If it is so easy to come up with a better solution in 2 minutes why didn't you? Remember no googling is allowed as this is an interview, and if you already knew an approach to finding LCDs then it has become a test of interviewee knowledge rather than skill and so worthless.

• (cs)

This article is really versatile. It could be any of these: "Best of the sidebar", a "CodeSOD", a "Tales of the Interview" and obviously "Featured Article" too.

Can we swap MFD for these stories?

• (cs) in reply to Anonymous
Anonymous:
I think TRWTF is that the guy started his program from 1, instead of 2520*snip*

He starts at 20, not 1. ;)

• Azeroth (unregistered)

If interviewer wanted to see more optimized or more elegantly written solution, why not just ask extra question "could you offer another solution that's optimized for speed/readibility/whatever?". At least that's the right thing to do in inteview if you want to get the answer that you like from the candidate. If I'm a candidate, I can't guess whether my interviewer is optimization-junkie or "could should read like a book" advocate, that's where the half-baked answers come from...

• (cs) in reply to complete looney
complete looney:
A slightly simpler solution to code might be to multiply the primes together (=9699690), then multiply that answer by 1-M until you found a result that had no remainder (in this case M=24). But for a large value of N that might take a while.

If someone came up with the generic answer you gave I would then want to see a derivation to show where they got the method from rather than knowing it.

For your second solution, what is M? I don't think you can have meant to type 'multiply by 1-M'? That would give 9699690*(1-24) = -223092870 as your answer.

• (cs)

This is exactly the kind of braindead code a colleague of mine produces. "it fulfills the requirements" he'd say, "what more do you want". Sad part is that's exactly what the boss thinks too. You can explain best practices to him all you want and he'll just give you a blank look. Then a few months go by and he'll come by your desk... "There was a change in requirements. We want it to be divisible by all numbers from 1-50". And now you have to a) copy paste like an idiot or b) rewrite it they way your retarded colleague should have written it in the first place.

• Overlord (unregistered)

Honestly, I'd do it this way as well.

That's probably why I don't write code for a living =P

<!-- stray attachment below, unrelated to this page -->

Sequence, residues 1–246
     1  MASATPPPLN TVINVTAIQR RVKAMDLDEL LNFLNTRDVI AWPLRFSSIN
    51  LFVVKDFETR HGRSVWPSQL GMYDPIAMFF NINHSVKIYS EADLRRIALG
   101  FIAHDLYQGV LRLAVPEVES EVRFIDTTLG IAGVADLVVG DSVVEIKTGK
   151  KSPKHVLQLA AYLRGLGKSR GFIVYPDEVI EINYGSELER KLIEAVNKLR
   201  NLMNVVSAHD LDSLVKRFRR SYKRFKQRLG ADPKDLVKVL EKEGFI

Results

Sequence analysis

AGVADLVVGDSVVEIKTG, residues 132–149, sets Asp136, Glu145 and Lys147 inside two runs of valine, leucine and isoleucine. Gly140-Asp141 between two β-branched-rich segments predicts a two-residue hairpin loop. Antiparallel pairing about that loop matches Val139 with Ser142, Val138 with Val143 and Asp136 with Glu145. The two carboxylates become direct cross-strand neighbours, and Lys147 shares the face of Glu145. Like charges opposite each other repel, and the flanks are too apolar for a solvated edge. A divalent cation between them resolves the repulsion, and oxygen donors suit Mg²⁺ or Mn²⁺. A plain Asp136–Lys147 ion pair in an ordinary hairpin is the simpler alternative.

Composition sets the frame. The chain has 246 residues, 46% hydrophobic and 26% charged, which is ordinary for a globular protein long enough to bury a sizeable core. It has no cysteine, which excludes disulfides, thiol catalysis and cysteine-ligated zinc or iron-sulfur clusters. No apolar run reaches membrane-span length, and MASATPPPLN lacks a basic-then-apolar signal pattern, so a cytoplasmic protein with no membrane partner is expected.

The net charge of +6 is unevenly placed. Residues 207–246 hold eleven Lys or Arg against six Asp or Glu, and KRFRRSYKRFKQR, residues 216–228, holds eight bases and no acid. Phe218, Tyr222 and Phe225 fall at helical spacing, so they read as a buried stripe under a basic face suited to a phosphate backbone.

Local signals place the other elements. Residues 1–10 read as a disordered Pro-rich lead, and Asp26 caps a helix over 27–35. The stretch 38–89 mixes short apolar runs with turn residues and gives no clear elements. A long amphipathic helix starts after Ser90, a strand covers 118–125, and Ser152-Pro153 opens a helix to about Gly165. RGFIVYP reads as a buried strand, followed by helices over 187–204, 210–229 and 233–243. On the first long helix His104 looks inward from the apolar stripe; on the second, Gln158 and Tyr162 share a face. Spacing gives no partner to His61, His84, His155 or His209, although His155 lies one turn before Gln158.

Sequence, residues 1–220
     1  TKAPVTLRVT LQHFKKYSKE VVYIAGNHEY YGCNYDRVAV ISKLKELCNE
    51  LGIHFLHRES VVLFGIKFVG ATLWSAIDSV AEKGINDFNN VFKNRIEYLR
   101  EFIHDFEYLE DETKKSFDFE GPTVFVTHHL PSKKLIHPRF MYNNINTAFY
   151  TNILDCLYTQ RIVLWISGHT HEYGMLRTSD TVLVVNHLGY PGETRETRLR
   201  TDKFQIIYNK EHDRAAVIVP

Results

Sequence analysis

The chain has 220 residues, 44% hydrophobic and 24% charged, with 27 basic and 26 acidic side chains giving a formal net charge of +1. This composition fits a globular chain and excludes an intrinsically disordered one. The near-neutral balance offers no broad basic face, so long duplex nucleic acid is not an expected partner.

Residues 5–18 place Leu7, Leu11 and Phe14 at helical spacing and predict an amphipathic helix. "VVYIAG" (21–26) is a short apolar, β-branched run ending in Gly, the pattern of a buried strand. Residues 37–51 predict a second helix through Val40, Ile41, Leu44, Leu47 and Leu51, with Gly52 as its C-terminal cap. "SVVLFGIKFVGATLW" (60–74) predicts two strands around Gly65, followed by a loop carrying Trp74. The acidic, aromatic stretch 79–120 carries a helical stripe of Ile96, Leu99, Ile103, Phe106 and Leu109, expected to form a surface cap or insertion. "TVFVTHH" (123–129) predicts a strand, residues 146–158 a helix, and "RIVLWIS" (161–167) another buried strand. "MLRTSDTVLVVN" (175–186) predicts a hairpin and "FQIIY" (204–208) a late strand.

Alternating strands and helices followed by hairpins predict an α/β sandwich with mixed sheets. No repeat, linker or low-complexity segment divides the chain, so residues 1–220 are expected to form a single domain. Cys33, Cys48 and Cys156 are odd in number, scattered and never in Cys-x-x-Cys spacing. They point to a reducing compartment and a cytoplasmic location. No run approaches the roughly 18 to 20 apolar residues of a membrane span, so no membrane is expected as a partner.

• K&T (unregistered) in reply to TomW
A simple test, huh? And this is to see if someone has the ability to engineer software systems? I would have walked out of your interview.

Good, i like to know upfront when potential employees are going to throw a temper tantrums when they get requirements they don't like. It makes hiring people so much easier.

At any rate, how would you determine if someone can write code? Do you just hire them based off their resume and have them design production systems for a few months? Sort of like a 2 month long (paid?) interview?

Seriously, I've had tons of candidates that can tell me all the book definitions but when it came time to actually use those definitions in real code, they couldn't hack it. One guy event told me how cool recursion is, but when it came time to white board a method to search a file directory (and i gave him the needed classes and methods) he couldn't figure it out.

• (cs) in reply to Anonymous
Anonymous:
This is what you call simple programming task?
The programming task is simple. The most straight-forward, get-it-out-the-door-now solution is actually the one that is being paraded as a WTF - which is a WTF in itself.

Yes, there are more elegant solutions, some of which have been proposed here, but they require a certain amount of mathematical knowledge - in fact they strike me as the solutions of people who have formally trained in maths and computer science. They are academically pleasing, but have no practical advantage given that any reasonable hardware will be able to brute-force mash the numbers in an acceptable timeframe (I'd guess you're looking at a few seconds at most).

Assuming the interview is for a php developer and not a maths tutor, there's nothing wrong with this solution as a first pop in a pressurised interview situation. It's certainly the route I would've gone down, as I'm not a mathematician. Yes, it could do with some refining, but in practical terms it will determine the correct answer. I suspect that even taking the time to write the code into account I would get the correct answer faster by this method than by trying to work out a more elegant algorithm.

So, TRWTF is using a Project Euler problem in a coding interview, given that: "Project Euler is a series of challenging mathematical/computer programming problems that will require more than just mathematical insights to solve. Although mathematics will help you arrive at elegant and efficient methods, the use of a computer and programming skills will be required to solve most problems." (from the Project Euler homepage).